Batman and Superman are currently clobbering each other through cinemas around the globe, but where did it all begin? One Room With A View casts the Bat Signal back through time, past the Nolan-noughties, past Burton’s reign in the late-eighties/early-nineties, to the Swingin’ Sixties – a place where cinematic Batman Began.
‘He who fights with monsters should look to it that he himself does not become a monster,’ Nietzsche warned in Beyond Good and Evil. ‘And if you gaze long into an abyss, the abyss also gazes into you.’ A troubling sentiment, and one that is eerily echoed, almost verbatim, by Alfred Pennyworth as the light of 1993’s Mask of the Phantasm begins to dwindle.
Crumpled at his feet, caped but sans cowl, muscular but fragile, sits Bruce Wayne: half man, half bat, static between his two states of transformation. He is closing up his most recent case, one that has devastated him to his already fractured core, and is contemplating the notion of retribution. Pennyworth – butler, accomplice, confidant, and father-by-proxy – attempts to comfort Wayne, thanking heaven that vengeance hasn’t poisoned his surrogate son in the same way it has devoured his gallery of nemeses.
But even that balm of this seemingly familiar sermon catches itself on that Nietzschean caution, the same one that eats as the very heart of the Batman mythos: how long before this abyss-weary man finally breaks?
In 1939, as planet Earth readied itself for a second world war, people were in desperate need of heroes. Superman, a character originally devised from another Nietzschean concept (the Übermensch), had proven to be a major triumph for DC Comics, and audiences were salivating for more. In answer to these demands, Bob Kane and Bill Finger began to develop a shadowy persona, known only at that point as “The Bat-Man”. Clad in a red suit and sporting a domino mask, he bore little resemblance to the eventual character that would rise from his ashes, but it was a start: the Bat had been born.
Kane and Finger became consumed with evolving their elementary sketches into a fully formed champion. Together, they concocted a thick soup of pulp fiction, adventure comic strips, and other herbs and spices from 1930s popular culture to pour through a pointy-eared mask. In doing so, the world’s soon-to-be most famous vigilante began to take shape as a Scarlet Pimpernelian Sherlock Holmes; an enigmatic alter-ego who stalked and sleuthed in the shadows, shrouding his acts of heroism in a plume of tenebrosity. The domino mask was replaced by a cowl (no doubt put into storage until Robin would come along) and the wings (inspired by Da Vinci’s ornithopter sketches) became a cape. Gloves were added and anything red became black.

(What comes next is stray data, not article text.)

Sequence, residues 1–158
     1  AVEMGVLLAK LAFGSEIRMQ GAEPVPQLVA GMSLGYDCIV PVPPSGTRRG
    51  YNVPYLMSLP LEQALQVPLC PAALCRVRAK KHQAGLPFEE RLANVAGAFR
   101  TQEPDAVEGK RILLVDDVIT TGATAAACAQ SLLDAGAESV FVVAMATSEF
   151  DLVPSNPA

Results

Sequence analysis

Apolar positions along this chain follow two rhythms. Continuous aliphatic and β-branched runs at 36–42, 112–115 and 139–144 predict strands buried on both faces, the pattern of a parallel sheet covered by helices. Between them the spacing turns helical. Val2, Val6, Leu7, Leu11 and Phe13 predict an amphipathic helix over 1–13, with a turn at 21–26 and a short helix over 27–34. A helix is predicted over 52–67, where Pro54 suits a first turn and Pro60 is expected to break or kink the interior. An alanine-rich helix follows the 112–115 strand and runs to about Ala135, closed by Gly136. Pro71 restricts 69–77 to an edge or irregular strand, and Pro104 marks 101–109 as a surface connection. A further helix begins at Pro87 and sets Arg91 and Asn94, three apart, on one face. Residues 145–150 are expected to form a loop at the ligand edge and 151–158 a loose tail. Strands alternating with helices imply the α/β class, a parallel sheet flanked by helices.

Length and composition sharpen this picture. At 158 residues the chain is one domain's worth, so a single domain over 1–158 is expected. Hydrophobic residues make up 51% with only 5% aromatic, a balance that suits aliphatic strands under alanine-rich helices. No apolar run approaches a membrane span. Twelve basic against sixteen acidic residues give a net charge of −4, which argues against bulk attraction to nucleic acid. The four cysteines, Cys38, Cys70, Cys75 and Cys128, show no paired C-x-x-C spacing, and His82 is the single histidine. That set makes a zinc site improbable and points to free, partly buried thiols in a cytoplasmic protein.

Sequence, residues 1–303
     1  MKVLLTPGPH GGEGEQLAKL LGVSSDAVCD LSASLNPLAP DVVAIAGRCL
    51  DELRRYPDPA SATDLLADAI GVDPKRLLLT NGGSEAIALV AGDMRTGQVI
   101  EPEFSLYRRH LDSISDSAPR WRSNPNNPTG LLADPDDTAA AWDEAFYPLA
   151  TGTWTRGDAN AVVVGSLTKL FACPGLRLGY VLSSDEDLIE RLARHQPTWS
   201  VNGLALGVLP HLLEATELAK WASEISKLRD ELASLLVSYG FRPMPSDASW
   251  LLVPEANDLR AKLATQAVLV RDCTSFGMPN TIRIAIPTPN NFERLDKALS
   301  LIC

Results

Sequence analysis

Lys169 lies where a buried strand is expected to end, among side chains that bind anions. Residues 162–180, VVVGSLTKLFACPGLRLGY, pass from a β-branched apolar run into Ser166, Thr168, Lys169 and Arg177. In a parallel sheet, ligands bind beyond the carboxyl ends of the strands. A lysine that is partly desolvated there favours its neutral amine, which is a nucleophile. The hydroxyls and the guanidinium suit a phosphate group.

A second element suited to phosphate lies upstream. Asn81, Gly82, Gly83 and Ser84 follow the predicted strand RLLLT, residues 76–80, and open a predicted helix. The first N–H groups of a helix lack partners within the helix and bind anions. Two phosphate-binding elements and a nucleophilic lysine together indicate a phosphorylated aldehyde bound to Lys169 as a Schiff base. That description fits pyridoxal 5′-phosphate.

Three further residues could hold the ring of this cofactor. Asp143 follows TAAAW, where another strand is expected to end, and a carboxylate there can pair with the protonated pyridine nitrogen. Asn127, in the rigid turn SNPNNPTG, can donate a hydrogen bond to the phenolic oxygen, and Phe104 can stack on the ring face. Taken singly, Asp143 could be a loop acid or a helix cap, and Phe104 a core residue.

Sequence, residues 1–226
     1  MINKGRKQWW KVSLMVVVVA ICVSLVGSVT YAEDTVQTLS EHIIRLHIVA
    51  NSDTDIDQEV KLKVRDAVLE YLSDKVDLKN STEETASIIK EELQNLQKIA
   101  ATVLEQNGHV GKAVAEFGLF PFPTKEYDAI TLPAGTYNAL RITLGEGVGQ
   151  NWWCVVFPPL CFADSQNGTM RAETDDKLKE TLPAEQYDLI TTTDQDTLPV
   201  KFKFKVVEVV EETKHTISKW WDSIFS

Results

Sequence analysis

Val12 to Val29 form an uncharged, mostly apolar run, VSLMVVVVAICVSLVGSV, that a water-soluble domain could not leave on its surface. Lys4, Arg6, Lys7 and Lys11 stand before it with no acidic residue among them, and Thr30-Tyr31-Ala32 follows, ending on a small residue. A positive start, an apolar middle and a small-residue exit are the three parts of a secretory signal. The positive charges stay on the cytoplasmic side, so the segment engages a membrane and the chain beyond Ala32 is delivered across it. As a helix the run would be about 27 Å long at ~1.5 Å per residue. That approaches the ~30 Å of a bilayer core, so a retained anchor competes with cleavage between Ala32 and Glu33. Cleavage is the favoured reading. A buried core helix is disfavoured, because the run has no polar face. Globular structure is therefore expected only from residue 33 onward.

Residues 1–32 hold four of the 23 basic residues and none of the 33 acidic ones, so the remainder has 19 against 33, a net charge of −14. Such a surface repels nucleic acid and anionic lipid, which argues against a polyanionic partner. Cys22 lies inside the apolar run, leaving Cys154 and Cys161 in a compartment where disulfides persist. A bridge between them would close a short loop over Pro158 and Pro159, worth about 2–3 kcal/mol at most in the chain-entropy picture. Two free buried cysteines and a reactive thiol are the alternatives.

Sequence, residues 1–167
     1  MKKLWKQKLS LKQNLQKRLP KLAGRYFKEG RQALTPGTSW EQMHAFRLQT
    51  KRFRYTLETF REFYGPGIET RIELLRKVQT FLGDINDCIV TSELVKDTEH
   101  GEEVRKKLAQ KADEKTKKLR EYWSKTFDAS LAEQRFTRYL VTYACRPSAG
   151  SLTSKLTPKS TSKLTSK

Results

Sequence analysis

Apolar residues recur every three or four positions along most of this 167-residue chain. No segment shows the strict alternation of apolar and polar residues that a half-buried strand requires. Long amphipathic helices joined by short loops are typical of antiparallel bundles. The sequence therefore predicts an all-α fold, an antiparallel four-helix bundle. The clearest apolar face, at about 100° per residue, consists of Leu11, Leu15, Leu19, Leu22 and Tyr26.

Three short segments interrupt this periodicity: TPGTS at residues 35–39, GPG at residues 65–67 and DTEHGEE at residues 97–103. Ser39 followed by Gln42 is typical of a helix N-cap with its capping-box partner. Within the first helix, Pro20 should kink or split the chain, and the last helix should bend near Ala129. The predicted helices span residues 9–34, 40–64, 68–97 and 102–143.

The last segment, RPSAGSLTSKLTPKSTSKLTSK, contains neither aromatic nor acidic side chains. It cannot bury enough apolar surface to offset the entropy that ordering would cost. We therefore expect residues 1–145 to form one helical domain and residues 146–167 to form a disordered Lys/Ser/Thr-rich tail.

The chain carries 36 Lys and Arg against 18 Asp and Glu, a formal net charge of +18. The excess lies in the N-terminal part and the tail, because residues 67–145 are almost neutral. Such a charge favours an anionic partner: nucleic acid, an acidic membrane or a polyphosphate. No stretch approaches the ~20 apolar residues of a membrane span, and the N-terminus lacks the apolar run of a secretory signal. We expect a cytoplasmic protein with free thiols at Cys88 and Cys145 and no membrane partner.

Designed as a Zorro for modern, urban America, the Bat-Man borrowed further from the Californio nobleman’s background, by forming Bruce Wayne, the Man behind the Bat, as a wealthy playboy, thought to be an unlikely suspect to be a masked nocturnal vigilante. Kane and Finger clipped his name together from the jigsaw piece monickers of Robert Bruce, the Chief of the Knights Templar, and Major General ‘Mad’ Anthony Wayne, a brigadier general who fought in the American Revolutionary; homages to valour, philanthropy, but also colonialism. Before the smoke could clear, they provided their character with his raison d’être by promptly orphaning him, reasoning there to be ‘nothing more traumatic than having your parents murdered before your eyes.’
The Bat-Man, soon to be referred to as just “Batman”, was immediately embraced by the public and his comics continued to sell very well, even through the genre’s slump of the 1950s. Two serialised adventures were produced by Columbia Pictures in the ‘40s, and their moderate success led to the eventual development of the now iconic Batman television series, originally aired on America’s ABC channel.
Batman’s first full-length theatrical outing was originally envisioned to be a commercial-of-sorts for this upcoming TV show, the brainchild of producer William Dozier, but financial reluctances from 20th Century Fox resulted in its release being pushed back to between the series’ first and second season. Batman: The Movie, which pits the Dynamic Duo of Batman and Robin against not one, not two, but four of the show’s most loathsome villains, debuted in late July 1966 to a mixed box office reception.